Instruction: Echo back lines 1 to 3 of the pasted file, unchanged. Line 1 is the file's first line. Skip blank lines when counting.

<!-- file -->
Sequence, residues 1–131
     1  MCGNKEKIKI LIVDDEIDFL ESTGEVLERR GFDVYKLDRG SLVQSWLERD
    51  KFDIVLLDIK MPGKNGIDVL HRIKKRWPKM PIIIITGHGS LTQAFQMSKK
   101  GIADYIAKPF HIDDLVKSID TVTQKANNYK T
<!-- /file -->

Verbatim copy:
Sequence, residues 1–131
     1  MCGNKEKIKI LIVDDEIDFL ESTGEVLERR GFDVYKLDRG SLVQSWLERD
    51  KFDIVLLDIK MPGKNGIDVL HRIKKRWPKM PIIIITGHGS LTQAFQMSKK